WHEN he was shown into his father's room he was writing a letter. Looking up and seeing Tom, he gave a grin--that is, a laugh without the smile in it-handed him a few of his fingers, pointed to a chair, and went on with his letter. This reception irritated Tom, and perhaps so far did him good that it took off the edge of his sheepishness-or rather, I should have said, put an edge upon it. Before his father he did not feel that he appeared exactly as a culprit. He had told him either to give up Lucy, or not to show his face at home again. He had lost Lucy, it might be—though hope had revived greatly since his interview with Mr. Stopper ; but, in any case, even if she refused to see him, he would not give her up. So he sat, more composed than he had expected to be, waiting for what should follow. In a few minutes his father looked up again, as he methodically folded his letter, and, casting a sneering glance at his son's garb, said, “What's the meaning of this masquerading, Tom ?”
It means that I'm dressed like my work," answered Tom, surprised at his own coolness, now that the ice was broken.
* What's your work then, pray ?”
I've made five coasting voyages since you turned me out,” said Tom.
“ I turned you out! You turned yourself out. Why the devil did you come back, then? Why don't you stick to your new trade ?"
“ You told me either to give up Lucy Burton, or to take lodgings in Wapping. I won't give up Lucy Burton."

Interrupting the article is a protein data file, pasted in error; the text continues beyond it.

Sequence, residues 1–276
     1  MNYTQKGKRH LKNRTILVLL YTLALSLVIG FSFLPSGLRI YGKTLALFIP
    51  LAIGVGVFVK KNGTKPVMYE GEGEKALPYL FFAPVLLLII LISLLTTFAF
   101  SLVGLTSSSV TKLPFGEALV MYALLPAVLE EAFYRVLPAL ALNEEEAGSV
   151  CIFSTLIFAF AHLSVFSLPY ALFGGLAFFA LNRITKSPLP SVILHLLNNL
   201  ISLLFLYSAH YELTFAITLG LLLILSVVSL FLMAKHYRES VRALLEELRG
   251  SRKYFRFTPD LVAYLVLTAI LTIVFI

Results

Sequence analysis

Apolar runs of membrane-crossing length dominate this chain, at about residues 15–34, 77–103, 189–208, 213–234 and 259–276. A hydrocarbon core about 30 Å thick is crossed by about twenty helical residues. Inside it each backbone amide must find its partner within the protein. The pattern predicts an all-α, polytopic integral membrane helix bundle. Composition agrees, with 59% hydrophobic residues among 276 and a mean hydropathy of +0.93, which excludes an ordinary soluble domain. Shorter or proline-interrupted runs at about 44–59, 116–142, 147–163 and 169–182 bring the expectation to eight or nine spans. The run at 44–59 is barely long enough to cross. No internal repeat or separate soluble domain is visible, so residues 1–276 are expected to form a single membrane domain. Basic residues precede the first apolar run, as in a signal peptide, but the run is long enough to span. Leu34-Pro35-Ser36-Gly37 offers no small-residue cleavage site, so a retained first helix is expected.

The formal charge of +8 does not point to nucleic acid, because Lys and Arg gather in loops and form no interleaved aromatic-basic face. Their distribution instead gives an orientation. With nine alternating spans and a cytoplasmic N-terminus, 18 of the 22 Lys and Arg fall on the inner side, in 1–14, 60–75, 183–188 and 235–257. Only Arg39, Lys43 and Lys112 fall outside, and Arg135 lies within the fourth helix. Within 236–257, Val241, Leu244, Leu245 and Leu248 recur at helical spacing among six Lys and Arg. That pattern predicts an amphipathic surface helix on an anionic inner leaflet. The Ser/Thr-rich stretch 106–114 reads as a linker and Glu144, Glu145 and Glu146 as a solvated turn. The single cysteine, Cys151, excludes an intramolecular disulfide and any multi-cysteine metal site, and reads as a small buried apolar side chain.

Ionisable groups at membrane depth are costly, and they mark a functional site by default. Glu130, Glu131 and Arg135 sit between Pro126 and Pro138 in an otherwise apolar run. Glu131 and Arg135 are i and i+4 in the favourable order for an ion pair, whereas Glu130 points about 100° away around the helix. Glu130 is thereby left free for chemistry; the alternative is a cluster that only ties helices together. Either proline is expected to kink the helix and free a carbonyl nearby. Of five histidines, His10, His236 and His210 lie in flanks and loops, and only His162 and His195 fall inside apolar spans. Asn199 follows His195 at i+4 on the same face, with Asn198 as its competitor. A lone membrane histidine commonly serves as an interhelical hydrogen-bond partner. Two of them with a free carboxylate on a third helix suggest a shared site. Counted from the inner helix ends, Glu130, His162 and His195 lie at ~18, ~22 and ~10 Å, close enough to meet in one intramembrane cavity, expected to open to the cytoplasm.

“Take her to hell, if you like. What do you come back here for, with your cursed impudence? There's nobody I want less."
This was far from true. He had been very uneasy about his
son. Yet now that he saw him-a prey to the vile demon that ever stirred up his avarice, till the disease, which was as the rust spoken of by the prophet St. James, was eating his flesh as it were firehis tyrannical disposition, maddened by Thomas's resistance, and the consequent frustration of his noney-making plans, broke out against him in this fierce, cold, blasting wrath.
"I come here,” said Thomas and he said it merely to discharge himself of a duty, for he had not the thinnest shadow of a hope that it would be of service—“I come here to protest against the extreme to which you are driving your legal rights—which I have only just learned-against Mrs. Boxall.”
And her daughter. But I am not aware that I am driving my rights, as you emphasize the word," said Mr. Worboise, relapsing into his former manner, so cold that it stung ; "for I believe I hive driven them already almost as far as my knowledge of affairs allows me to consider prudent. I have turned those people out of the house."
"You have !” cried Thomas, starting to his feet. “Father ! father! you are worse than even I thought you. It is cruel. It is wicked."
"Don't discompose yourself about it. It is all your own fault, my son."
" I am no son of yours. From this moment I renounce you, and call you father no more," cried Thomas, in mingled wrath and horror and consternation at the atrocity of his father's conduct.